Indeed, designer Anna Sui herself is a certifiable rock star. Sui decided she wanted to become a fashion designer at the age of four. She dedicated her life to the craft and left suburban Detroit for New York to redefine American fashion, starting with her pivotal grunge collection in 1993. There are now more than 300 Anna Sui stores in 35 countries. The designer’s encyclopedic knowledge of fashion history, dedication to the creative process, and playful, ostentatious elements are what makes her first retrospective especially striking.
A neat arrangement of Sui's inspirations opens the exhibition, leading you down a pristine hallway. Memorabilia that predates Sui's first fashion show is presented alongside imagery from designers that inspired her – Zandra Rhodes, Bill Gibb, Biba. Then you reach the wardrobe doors and enter into the main exhibition – Wonderland. For this, the museum has been transformed into Anna Sui’s space, reflecting her undiluted aesthetic. Rock-n-roll posters, black lacquered Victorian furniture, Tiffany lamps, purple walls inspired by Sui’s first store in New York and her childhood bedroom.
The Anna Sui store feel is perpetuated by the mannequins elevated on red podiums. Arranged by clothing themes ('archetypes') to show the stylistic tropes recurrent throughout her 30-year career – Americana, Androgyny, Fairytale, Grunge, Nomad, Mod, Punk, Schoolgirl and Surfer. Looks from collections 20 years ago are grouped with those from more recent seasons. Despite the range of designs, her signature outlandish style brings cohesion to the chaos.
By organising Sui’s looks thematically rather than chronologically, curator Dennis Nothdruft draws visitors' attention to the threads running through each individual outfit, and the thread running through the exhibition: the only constant in the outfits is inconsistency, with printed textiles, layering, power pattern clashes, colours, Sui has a uniform vision that redefines the concept of the term.
Anchored in American history and pop culture, each look was meticulously researched and incorporated elements contingent on her current passion. This is apparent in the display of mood boards in the upstairs space. At the exhibition opening the designer explained the board that became her S/S 17 Americana collection, describing how she’s inspired by dreams and fantasies, 'but also current events, and it becomes a mishmash of what’s going through my brain at that period of time'.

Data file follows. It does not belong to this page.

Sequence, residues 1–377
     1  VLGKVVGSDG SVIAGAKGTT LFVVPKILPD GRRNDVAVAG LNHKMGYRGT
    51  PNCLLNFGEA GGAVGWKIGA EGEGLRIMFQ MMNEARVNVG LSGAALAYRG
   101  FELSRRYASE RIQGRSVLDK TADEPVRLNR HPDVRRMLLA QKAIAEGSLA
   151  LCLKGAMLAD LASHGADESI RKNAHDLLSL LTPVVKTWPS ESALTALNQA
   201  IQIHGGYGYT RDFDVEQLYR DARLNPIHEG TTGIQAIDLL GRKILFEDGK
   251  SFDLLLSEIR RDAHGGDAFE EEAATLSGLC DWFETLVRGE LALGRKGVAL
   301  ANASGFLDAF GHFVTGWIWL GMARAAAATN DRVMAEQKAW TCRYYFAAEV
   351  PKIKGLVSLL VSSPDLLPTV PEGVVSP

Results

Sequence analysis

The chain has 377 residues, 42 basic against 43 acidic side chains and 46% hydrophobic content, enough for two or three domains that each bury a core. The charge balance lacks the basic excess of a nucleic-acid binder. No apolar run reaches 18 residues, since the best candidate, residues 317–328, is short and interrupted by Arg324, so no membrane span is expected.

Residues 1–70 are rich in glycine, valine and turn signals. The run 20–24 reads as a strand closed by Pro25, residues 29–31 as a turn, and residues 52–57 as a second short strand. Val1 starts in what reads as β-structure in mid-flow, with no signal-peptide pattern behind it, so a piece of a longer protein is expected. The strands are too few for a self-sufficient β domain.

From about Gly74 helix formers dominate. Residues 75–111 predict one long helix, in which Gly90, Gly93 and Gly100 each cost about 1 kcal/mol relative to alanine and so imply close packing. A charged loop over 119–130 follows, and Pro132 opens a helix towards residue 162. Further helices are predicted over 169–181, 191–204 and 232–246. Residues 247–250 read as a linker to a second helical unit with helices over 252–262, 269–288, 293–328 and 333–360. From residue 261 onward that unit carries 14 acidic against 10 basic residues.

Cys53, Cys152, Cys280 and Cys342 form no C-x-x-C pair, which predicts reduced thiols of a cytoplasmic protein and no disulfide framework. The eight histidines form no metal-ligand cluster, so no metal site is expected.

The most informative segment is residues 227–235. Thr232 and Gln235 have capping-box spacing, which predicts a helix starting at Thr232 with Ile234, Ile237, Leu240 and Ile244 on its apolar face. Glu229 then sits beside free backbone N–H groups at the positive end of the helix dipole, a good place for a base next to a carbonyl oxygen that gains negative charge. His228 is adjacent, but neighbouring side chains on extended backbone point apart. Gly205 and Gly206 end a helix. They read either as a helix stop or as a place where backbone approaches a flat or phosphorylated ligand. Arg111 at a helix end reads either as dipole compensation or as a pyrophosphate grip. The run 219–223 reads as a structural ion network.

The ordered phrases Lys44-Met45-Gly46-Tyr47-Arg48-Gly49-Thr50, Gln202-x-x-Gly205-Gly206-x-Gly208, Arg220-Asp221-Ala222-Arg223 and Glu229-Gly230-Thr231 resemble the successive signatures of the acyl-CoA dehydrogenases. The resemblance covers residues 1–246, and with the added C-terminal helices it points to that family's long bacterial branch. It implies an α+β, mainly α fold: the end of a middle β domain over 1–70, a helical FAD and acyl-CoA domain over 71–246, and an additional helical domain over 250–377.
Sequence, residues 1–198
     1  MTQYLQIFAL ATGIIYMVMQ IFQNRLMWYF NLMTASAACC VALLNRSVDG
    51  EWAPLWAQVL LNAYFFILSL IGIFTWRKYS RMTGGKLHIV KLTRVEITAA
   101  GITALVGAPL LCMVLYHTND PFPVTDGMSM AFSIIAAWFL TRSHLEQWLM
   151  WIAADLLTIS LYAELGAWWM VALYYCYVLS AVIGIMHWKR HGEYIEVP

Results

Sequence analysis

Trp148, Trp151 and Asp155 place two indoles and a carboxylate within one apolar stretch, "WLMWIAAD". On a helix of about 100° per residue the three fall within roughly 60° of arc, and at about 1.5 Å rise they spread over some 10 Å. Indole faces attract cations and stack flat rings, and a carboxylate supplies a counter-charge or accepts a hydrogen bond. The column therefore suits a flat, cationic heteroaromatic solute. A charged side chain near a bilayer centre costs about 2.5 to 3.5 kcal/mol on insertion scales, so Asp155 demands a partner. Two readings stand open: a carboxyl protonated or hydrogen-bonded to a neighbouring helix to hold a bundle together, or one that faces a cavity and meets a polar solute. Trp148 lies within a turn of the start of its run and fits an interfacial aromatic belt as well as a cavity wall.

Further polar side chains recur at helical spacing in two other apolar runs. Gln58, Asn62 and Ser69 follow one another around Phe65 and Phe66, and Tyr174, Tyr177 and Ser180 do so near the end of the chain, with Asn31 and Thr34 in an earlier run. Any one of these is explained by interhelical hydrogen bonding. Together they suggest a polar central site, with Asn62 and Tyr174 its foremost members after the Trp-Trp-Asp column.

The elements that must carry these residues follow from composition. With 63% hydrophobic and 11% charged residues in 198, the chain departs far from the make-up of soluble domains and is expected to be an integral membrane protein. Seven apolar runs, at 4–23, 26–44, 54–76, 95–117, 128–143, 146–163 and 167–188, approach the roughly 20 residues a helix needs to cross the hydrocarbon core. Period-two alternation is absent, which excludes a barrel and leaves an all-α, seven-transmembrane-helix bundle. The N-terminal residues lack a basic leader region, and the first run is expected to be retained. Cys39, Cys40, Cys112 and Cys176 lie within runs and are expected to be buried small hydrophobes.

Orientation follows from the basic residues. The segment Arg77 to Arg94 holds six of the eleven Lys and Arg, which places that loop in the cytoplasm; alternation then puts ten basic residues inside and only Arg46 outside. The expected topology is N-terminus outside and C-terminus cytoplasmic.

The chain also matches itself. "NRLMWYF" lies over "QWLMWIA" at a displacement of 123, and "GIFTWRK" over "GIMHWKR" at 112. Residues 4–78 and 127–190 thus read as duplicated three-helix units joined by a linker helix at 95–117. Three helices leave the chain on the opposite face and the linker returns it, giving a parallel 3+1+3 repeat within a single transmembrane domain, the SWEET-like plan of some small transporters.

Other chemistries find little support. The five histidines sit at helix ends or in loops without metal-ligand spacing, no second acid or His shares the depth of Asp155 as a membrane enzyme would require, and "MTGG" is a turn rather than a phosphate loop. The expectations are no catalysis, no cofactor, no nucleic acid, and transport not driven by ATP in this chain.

What distinguishes Sui from similar designers is her capacity to render inconceivable fashion choices into garments that are undeniably desirable: positive punk, pirate Marie Antoinette, rich hippie. Her collection colour palettes are inspired by psychedelic posters, she cuts up curtains à la Scarlett O’Hara, and has master milliners scalp stuffed animals and turn them into hats.
With more than 125 full looks, select cosmetics, collaborative projects, mood boards, photographs and cultural ephemera, The World of Anna Sui is as exhaustive as any artist’s first career retrospective. Fashion may well be the meeting point of self-expression, art, consumerism, and cultural history – but it’s also supposed to be fun, and fun is what Anna Sui does best.
|What||The World of Anna Sui review|
|Where||Fashion and Textile Museum, 83 Bermondsey St, London, SE1 3XF | MAP|
|Nearest tube||London Bridge (underground)|
26 May 17 – 01 Oct 17, Closed Mondays, Late opening Thursday (8pm)
|Price||£6 - £9.90|
|Website||Click here for more information|